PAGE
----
The soybean has been a part of the human diet for almost 5,000 years. Unlike most plant foods, the soybean is high in protein and is considered equivalent to animal foods in terms of the quality of the protein it contains.
Soy in your diet can lower cholesterol. There are many scientific studies that support this conclusion. In fact, the U.S. Food and Drug Administration (FDA) agreed that 25 grams per day of soy protein, as part of a diet low in saturated fat and cholesterol, may reduce the risk of heart disease.
Not all soy protein products contain the same amount of protein. The following list ranks some popular products from greatest amount of soy protein to lowest:
Soy protein isolate (added to many soy food products, including soy sausage patties and soybean burgers)
The best way to find out about protein content is to look on the product's Nutrition Facts label to see the percentage of soy protein. Also look at the list of ingredients. If a product contains isolated soy protein (or soy protein isolate), the protein content should be fairly high.
Some products also list how many grams of soy protein are in one serving of the product.
Note: There's a difference between soy supplements (commonly sold in tablets or capsules) and soy protein products. Soy supplements are generally made of concentrated soy isoflavones. These substances may help relieve symptoms of menopause but there is not enough evidence to support using soy isoflavones for any of the other health benefits, such as lowering cholesterol.
For individuals who are not allergic to soy, no serious short-term or long-term side effects have been reported from eating soy foods.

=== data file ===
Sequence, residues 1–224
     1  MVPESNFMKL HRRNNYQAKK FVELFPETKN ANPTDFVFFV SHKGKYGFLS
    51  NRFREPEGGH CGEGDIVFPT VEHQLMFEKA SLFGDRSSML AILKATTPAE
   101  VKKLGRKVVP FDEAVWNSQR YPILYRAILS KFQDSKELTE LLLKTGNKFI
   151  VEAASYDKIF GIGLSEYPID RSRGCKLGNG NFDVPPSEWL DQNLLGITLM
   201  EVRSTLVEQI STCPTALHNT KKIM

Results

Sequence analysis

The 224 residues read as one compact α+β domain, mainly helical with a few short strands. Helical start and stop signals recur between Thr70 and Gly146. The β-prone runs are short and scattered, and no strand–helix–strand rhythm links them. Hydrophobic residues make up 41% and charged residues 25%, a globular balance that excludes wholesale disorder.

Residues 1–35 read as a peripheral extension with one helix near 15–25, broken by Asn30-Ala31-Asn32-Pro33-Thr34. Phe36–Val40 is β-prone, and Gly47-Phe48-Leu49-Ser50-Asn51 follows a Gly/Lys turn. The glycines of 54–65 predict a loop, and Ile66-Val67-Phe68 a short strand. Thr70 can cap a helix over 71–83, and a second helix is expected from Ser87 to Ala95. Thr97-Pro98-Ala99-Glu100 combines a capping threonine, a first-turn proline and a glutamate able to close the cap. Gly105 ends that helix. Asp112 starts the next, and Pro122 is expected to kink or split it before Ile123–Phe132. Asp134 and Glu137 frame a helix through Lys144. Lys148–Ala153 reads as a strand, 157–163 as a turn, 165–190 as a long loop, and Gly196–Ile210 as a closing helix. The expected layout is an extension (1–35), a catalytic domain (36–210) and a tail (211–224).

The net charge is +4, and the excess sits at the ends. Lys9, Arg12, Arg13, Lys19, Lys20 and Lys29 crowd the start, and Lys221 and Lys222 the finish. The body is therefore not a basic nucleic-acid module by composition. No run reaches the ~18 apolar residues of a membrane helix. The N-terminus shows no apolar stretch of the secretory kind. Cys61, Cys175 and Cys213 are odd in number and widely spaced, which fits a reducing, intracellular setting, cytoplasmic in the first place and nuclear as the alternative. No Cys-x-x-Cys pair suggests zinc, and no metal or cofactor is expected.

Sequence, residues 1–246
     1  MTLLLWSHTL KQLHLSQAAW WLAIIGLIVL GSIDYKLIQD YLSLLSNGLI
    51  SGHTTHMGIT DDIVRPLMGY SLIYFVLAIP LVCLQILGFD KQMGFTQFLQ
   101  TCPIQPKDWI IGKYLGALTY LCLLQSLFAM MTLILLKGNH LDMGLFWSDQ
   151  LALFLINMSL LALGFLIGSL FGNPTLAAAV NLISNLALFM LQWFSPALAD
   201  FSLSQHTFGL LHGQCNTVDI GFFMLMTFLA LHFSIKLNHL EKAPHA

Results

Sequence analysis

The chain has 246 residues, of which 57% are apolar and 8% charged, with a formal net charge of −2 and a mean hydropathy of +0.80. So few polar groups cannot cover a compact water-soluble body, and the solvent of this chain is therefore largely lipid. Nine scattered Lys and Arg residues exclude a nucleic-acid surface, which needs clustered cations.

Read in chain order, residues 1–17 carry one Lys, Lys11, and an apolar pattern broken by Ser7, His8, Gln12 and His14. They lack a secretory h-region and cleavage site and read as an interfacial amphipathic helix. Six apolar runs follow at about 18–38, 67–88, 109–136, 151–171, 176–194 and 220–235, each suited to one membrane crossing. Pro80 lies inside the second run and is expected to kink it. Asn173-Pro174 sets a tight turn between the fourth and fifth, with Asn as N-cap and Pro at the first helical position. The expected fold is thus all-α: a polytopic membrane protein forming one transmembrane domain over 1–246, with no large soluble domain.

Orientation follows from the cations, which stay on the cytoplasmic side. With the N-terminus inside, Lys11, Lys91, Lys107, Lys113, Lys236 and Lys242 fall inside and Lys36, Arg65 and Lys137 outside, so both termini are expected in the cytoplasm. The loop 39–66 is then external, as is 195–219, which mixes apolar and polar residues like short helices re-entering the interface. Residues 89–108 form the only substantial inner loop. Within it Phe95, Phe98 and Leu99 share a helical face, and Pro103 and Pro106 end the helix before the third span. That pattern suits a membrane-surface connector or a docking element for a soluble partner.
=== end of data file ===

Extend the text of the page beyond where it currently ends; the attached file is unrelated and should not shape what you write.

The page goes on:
Common mild side effects include stomachaches, constipation, and diarrhea.
Soybeans also contain moderate amounts of a natural substance called purine. Consuming large amounts of purines can make gout worse. Persons with gout should not eat a lot of soy products.
In adults, 25 grams per day of soy protein may reduce the risk of heart disease.
Soy foods and soy-based infant formula are widely used in children, but no studies have shown whether isolated soy protein or isoflavone supplements are useful or safe in this population. Therefore, isolated soy products are not recommended for children at this time.
Sacks FM, Lichtenstein A, Van Horn L, Harris W, Kris-Etherton P, Winston M. Soy protein, isoflavones, and cardiovascular health: an American Heart Association Science Advisory for professionals from the Nutrition Committee. Circulation. 2006 Feb 21;113(7):1034-44. Epub 2006 Jan 17.
Hasler CM. Position of the American Dietetic Association: Functional foods. J Am Diet Assoc. 2004;104(5): 814-26.
Nedrow A, et al. Complementary and alternative therapies for the management of menopause-related symptoms: a systematic evidence review. Arch Intern Med. 2006 Jul 24;166(14):1453-65.
Alison Evert, MS, RD, CDE, Nutritionist, University of Washington Medical Center Diabetes Care Center, Seattle, Washington. Also reviewed by David Zieve, MD, MHA, Medical Director, A.D.A.M., Inc.